The Mirror News

Inlet corners council funding

“THIS is a really positive news story for the Corner Inlet area,” said Cr Kieran Kennedy, as South Gippsland Shire Council gave wholehearted support to the Corner Inlet Tourism Development Project, pledging funding of $1.5 million to $2.1 million as leverage for securing grant allocations.

At their meeting last Wednesday, the shire councillors discussed the project as an item of urgent business in order to meet state and federal government grant opportunity deadlines. They voted unanimously to allocate significant funds to the project and pursue opportunities for partnership funding.

The project is made up of four connected yet distinct developments identified by the shire as Priority Projects. They include:

  • The Great Southern Rail Trail extension from Foster to Welshpool;
  • The restoration of the Port Welshpool Long Jetty;
  • A feasibility study including detailed design of a marina at Port Welshpool;
  • The dredging of the Toora Channel for boating and recreational activities.

“This is very exciting. It will be a fantastic outcome even if we get just three out of the four developments up,” said Cr Kennedy.

He and fellow Coastal Promontory Ward councillor Mohya Davies spoke particularly enthusiastically about the project. Cr Jeanette Harding was absent on interstate business from the meeting, but Cr Bob Newton relayed her strong support.

Cr Kennedy said that while a growing number of visitors were being attracted to the Promontory coast there was a crying need for infrastructure.

“We need projects that bring in the visitors, especially for water sports, a marina for instance. This can only go to boost the economies of the surrounding area – and the whole shire. I’d like to thank the shire officers responsible for bringing this project up,” he said.

Cr Davies hailed the venture as “a bold tourism project that could shape the future of Corner Inlet and the whole of South Gippsland”.

“These are all fabulous developments in themselves, but attracting funding for any one project could be difficult. Packaging them together is a very creative way to move them up the chain of priority,” she said.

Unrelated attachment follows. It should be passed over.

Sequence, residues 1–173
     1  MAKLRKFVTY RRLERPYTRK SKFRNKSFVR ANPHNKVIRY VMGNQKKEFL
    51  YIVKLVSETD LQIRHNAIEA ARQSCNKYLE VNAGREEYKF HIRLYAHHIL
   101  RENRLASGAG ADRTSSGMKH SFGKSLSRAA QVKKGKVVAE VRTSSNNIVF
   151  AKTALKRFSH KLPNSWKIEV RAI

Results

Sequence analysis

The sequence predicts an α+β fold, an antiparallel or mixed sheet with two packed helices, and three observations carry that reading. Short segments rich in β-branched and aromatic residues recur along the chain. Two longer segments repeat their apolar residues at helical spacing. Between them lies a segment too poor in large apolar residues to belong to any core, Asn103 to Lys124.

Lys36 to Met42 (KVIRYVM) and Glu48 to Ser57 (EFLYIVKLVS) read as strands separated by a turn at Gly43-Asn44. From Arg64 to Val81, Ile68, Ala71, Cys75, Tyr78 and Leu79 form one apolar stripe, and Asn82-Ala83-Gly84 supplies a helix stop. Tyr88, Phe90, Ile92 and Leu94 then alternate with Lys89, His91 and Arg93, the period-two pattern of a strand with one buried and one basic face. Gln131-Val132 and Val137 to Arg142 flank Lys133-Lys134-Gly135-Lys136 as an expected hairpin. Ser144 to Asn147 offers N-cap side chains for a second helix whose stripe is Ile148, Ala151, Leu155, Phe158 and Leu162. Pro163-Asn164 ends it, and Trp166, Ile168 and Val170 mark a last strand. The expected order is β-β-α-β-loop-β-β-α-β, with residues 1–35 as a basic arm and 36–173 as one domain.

Cr Davies mourned the loss from the eastern (Corner Inlet) end of the shire, in recent years, of several industries that had been major employers, such as the milk factory at Toora and the Prom Meats abattoir at Foster. She said that there was too much reliance on Wilsons Promontory National Park. The closure of the Prom for long periods in recent years due to fires and floods showed how unwise this was.

“If it is successful, this project would future-proof the district and stop our reliance on the Prom,” said Cr Davies. “We have the natural assets, but we need to develop the infrastructure.” She reminded her fellow councillors of the 1990s when the Seacat plied the waters of Bass Strait between Georgetown and Port Welshpool. The whole of South Gippsland, she said, benefited from the flow-on effect of ferry passengers travelling to and from Port Welshpool.

Even councillors from wards outside the Corner Inlet area expressed enthusiasm for the project.

Cr David Lewis said he was very pleased to support for the project, because he believed infrastructure, along with core services, was something the ratepayers of the shire considered critical.

“I feel it’s something the community will want and it is worth setting money aside for,” he said.

As to how to fund the project, Cr Lewis had this to say: “I suggest we look at staff numbers and how they’ve increased in recent years. There are too many managers. There are surely savings to be made.”

Cr Jim Fawcett said he was also keen to know how the shire intended raising funds for the project.

The chief executive officer, Tim Tamlin, referred him to the paragraph in the report prepared by shire officers which states: “…it is important that the strategic integrity of the Long Term Financial Plan is not compromised. This will necessitate reviewing and deferring lesser priority discretionary projects that are currently funded in the Plan. This will be considered during the current Capital Works Program review process and the forthcoming budget preparation process.”

The CEO added that it should be remembered that Council’s funding commitment of $1.5 million to $2.1 million would be spread over more than one financial year.

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